The following translation has a little crossover of John Chrysostom and some influence by the eleventh century writer, Theophylacti of Bulgaria. It appears from a very informal look that most of this is penned by the hand of Ammonius.

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Charismatics, Headaches and Healings

A woman with an audience behind her hands up praising God

A new framework to remedy an overemphasis on staged healing events in churches. A practice that hampers or even destroys the message of the Good News within the public realm.

If you attend almost any Charismatic church meeting, you are sure to hear about supernatural healings. They are usually abstract ones such as headaches banished, a sore back relieved, a short leg lengthened, and many other unusual conditions cured. The majority are scientifically unproven because they are too vague in the first place.

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Fanatics, Extremists, and Religion

The difference between fanaticism and true religion.

Fanaticism is an unhealthy set of principles that takes the letter of the law too literally and avoids compassion or feeling towards self or others. It is found in all faiths and ideologies. It is part of the human narrative.

On the other hand, true religion is one who lives by the higher law of love and commitment to truth. A condition that takes much more effort, patience and sacrifice to achieve than simply following a legal code.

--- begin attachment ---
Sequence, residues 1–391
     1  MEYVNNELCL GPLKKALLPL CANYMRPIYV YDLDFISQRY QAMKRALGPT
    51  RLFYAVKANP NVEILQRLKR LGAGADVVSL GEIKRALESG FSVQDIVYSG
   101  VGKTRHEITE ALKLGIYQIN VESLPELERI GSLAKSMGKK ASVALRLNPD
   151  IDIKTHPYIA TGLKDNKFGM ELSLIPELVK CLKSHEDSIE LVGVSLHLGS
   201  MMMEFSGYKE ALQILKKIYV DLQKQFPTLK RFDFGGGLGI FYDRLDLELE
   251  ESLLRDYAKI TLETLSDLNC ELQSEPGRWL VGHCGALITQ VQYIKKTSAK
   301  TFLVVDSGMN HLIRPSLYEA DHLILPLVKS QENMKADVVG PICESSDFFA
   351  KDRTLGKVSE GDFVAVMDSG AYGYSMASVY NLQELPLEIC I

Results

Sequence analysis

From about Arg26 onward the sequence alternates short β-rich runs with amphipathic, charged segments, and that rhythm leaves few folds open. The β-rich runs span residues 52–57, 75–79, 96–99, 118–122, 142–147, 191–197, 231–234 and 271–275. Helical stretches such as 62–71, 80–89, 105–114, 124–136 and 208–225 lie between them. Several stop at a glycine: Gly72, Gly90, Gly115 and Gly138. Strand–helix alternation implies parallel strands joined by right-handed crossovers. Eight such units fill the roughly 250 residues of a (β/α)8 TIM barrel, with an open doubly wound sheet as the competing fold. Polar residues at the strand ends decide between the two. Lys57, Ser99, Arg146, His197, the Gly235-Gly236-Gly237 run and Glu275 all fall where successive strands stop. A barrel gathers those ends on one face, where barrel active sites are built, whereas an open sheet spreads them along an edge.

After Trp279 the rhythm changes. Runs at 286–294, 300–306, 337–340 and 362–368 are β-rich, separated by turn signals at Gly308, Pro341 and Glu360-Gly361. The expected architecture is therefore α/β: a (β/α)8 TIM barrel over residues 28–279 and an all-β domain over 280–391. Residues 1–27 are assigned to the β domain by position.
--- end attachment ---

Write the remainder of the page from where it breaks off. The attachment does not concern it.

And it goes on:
There are good Christians and bad Christians, same with socialists, capitalists, Jews, and also Muslims. History shows that even non-religious systems such as Communism, and the attempted establishment of Western Democratic countries in the Middle East have run into the same problems of fanaticism. The ancient texts and modern history weaves the account that wherever humanity exists, greatness is found, but also the element of corruption and inhumanity always runs in parallel.

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Believer/Unbeliever, Faithful/Infidel, What is best?

A question of properly translating πιστός and ἄπιστος in Byzantine Greek Church literature.

Should they be translated as believer/unbeliever, or faithful/infidel?

The translation of believer is not difficult to accept, though it is a tad ambiguous in today’s English, but unbeliever is too neutral. It does not reflect the intensity ascribed to by the majority of the original writers. Infidel may be better suited. It is a strong word that has near racist implications based on religious grounds, and has especially been propagated by media coverage of radical Islamic actions against those who do not share their beliefs. In reference to some Byzantine Church writings, infidel feels closer to the writer’s intent.

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Thoughts on Ecstasy, Private Revelation, and Prophecy

The use of private revelations, ecstasy and prophecy in the 18th century European religious vernacular. What these words stood for, the growing opposition, and parallels to modern Christian mystics.

These states of Christian being had individual, group and societal effects. The perceived infusion of the divine impartation can be found in decision making on small personal things and large ones too. They had an impact in the larger political and community realm as well.